Normal intra and extra-cranial vessels were seen on CT angiography whereas the brain MRI revealed bilateral occipital venous infarcts.
Patient had been on ventilator support for eight days for respiratory failure. Acute renal failure was treated with intravenous fluids. Regular insulin was used to control hyperglycaemia. Anti-platelet therapy was given for limb ischaemia and bilateral cortical infarcts. Patient required surgical amputation of gangrenous right hand. Subsequently, all biochemical abnormalities improved between 14th and 20th post admission day. Clinical recovery followed, and he was discharged from hospital on 35th day.
There was no visual improvement at 6-months follow up despite using anti-platelet therapy. At 1 year follow up vision had improved to light perception only.
The true incidence of carbon monoxide poisoning is unknown, as many non-lethal exposures go undetected. Usual manifestations of acute poisoning include dizziness, confusion, headaches and flu-like symptoms. Larger exposure can lead to significant toxicity of the central nervous system(depression, confusion, and memory loss) and cardiac arrhythmias, (hypotension) and even death. Compared to oxygen, carbon monoxide has 240 times higher affinity for haemoglobin. Once bound to haemoglobin, it shifts the oxygen-haemoglobin dissociation curve to the left, resulting in reduced delivery of oxygen to the tissues. This results in hypoxia and ischaemia. The organs most sensitive to hypoxia i.e. brain and heart are affected first leading to central nervous system depression and cardiac ischaemia.
The patient was unconscious at presentation and developed biomarkers of cardiac injury following the admission. Myocardial infarction, myocardial rupture, atrial fibrillation and supraventricular tachycardia have also been reported in acute carbon monoxide poisoning.1-4
The patient also developed rhabdomyolysis and acute renal failure, a common complication of acute carbon monoxide poisoning9,10 which develops as a result of hypoxic injury to skeletal muscles.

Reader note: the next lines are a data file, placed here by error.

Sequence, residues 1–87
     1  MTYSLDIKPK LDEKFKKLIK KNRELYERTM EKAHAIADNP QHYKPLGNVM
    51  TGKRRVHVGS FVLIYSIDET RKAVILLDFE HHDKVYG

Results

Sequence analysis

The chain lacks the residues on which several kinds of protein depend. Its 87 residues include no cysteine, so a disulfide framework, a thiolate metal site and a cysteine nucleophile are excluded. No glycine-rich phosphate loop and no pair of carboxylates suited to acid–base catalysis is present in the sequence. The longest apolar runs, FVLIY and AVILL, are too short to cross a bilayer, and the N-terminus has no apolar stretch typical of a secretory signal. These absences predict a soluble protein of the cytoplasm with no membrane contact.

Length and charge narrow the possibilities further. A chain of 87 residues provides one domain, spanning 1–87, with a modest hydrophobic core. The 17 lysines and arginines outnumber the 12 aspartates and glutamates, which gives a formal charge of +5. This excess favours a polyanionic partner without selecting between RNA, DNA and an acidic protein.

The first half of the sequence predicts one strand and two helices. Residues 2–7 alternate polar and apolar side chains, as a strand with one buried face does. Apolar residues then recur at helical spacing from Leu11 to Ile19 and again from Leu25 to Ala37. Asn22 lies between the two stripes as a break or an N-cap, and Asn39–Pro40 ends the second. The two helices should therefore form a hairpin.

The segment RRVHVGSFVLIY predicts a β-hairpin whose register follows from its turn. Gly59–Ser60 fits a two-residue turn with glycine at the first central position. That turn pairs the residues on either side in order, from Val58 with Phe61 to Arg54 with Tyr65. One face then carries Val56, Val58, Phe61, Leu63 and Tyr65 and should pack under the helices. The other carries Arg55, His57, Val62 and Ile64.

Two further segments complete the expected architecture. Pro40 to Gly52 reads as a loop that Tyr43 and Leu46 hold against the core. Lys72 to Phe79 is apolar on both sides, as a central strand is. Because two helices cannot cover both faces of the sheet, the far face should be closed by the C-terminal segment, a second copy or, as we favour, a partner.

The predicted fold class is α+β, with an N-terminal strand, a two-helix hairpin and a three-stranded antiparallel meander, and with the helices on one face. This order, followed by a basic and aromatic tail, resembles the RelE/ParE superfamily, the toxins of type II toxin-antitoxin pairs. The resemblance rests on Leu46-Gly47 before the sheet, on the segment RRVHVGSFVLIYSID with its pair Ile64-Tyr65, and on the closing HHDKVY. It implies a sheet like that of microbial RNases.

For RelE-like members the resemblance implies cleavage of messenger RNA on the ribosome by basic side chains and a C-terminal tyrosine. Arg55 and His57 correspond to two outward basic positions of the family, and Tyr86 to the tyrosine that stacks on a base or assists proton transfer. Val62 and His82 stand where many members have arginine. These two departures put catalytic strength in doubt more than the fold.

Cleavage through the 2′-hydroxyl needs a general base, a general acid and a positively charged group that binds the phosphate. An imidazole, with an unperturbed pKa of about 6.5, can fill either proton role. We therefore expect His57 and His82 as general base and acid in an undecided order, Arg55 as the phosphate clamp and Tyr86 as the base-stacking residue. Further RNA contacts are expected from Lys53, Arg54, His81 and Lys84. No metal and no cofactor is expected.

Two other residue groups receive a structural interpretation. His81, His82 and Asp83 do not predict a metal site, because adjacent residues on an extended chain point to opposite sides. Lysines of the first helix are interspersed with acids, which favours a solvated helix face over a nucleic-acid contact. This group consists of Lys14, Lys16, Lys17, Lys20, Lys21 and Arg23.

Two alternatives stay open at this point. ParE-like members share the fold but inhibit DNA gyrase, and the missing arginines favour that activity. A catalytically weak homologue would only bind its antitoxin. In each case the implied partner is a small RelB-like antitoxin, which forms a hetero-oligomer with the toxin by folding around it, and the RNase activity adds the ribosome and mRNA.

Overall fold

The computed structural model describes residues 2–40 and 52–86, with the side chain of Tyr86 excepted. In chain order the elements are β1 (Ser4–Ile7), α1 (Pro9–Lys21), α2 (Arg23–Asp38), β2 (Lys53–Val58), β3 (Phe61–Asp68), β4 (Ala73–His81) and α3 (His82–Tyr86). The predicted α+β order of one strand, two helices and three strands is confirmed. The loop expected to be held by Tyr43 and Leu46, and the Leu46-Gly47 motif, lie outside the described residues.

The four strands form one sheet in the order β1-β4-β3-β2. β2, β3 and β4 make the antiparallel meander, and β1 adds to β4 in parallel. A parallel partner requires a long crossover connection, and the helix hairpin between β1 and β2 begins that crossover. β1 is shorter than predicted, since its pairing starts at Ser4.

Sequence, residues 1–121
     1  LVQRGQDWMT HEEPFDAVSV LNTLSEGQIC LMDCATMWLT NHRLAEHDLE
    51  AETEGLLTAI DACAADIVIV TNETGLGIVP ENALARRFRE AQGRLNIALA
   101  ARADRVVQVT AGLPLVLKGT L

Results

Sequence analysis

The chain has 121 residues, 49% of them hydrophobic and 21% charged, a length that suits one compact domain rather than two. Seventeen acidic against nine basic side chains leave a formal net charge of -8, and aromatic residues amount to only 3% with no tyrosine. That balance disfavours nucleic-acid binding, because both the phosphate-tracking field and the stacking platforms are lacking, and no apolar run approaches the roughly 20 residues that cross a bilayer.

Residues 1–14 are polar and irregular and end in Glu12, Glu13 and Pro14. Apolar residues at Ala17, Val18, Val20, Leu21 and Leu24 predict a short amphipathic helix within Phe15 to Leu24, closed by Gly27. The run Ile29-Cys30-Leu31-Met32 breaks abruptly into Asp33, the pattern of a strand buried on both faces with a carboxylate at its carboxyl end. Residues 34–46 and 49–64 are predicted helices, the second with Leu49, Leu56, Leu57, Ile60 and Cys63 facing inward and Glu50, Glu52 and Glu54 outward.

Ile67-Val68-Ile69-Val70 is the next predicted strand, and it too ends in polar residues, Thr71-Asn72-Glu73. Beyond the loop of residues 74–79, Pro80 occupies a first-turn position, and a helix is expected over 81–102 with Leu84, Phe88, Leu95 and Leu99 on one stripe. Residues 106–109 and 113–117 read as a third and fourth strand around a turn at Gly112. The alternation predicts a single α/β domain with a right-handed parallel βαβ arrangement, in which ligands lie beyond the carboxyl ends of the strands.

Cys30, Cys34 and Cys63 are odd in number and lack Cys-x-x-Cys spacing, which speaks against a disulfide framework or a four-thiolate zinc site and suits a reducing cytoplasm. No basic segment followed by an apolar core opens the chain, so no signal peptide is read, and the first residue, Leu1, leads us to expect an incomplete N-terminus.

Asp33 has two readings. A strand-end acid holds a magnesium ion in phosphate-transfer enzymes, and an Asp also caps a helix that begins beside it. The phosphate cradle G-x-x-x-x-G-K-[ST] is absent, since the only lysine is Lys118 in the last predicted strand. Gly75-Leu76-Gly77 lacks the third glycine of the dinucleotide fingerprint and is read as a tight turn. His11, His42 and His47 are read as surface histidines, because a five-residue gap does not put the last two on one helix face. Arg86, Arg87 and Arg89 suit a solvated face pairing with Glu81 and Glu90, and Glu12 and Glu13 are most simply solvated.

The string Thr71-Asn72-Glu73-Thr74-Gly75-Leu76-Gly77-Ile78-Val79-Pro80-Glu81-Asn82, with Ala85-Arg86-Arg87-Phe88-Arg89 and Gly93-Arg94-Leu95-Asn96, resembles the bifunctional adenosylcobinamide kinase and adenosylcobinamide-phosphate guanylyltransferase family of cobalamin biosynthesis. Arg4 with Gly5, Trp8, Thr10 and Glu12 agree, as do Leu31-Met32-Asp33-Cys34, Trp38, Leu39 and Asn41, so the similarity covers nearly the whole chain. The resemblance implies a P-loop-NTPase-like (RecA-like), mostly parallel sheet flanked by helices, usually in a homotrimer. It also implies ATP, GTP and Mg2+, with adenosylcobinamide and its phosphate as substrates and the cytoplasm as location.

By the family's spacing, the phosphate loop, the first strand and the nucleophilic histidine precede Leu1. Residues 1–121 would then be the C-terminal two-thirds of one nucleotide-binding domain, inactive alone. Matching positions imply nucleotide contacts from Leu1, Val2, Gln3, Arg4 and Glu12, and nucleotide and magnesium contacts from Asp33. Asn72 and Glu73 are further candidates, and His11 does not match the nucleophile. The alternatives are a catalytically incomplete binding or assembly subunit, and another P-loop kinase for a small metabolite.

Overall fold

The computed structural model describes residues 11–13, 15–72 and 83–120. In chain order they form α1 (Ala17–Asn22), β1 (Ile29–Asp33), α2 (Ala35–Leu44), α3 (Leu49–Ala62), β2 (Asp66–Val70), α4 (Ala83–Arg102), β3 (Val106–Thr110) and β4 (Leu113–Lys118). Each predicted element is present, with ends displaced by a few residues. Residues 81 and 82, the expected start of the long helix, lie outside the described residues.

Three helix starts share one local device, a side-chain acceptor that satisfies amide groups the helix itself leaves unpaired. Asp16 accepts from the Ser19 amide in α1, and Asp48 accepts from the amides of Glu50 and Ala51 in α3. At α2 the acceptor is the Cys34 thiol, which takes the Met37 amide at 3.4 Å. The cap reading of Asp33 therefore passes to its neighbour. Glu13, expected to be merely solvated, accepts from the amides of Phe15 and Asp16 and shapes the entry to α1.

Stenosis of right ulnar and radial arteries were other interesting features in our patient. There are no reported cases of ulnar or radial artery stenosis resulting in limb ischaemia following acute carbon monoxide poisoning. Colour Doppler of upper limb vessels and echocardiography failed to reveal any thrombus inside upper limb vessels and heart respectively. It appears that direct endothelial damage caused by carbon monoxide resulted in arterial stenosis. The mechanism is not understood fully but it probably involves lipid peroxidation by toxic oxygen species generated by xanthine oxidase. Xanthine oxidase is produced in situ from xanthine dehydrogenase via enzymes produced by white blood cells that adhere to damaged endothelial cells and causing events similar to ischaemia-reperfusion injury.7
The cause of cortical blindness in our patient was bilateral occipital venous infarcts seen on MRI. Although cortical blindness has been reported previously,5,6 the cause in those cases was, leukomalacia6 and diffuse hypoxic brain injury which was more marked in the occipital region.5,6
Our case is unique in a way that cortical venous infarcts and limb ischaemia after acute carbon monoxide poisoning have never been reported before.
Acute carbon monoxide poisoning can lead to acute limb ischaemia and cortical venous infarcts which are rare but possible complications.
Conflict of Interest: There is no conflict of interest of any author involved in case report.
Financial Support: No financial support source is involved.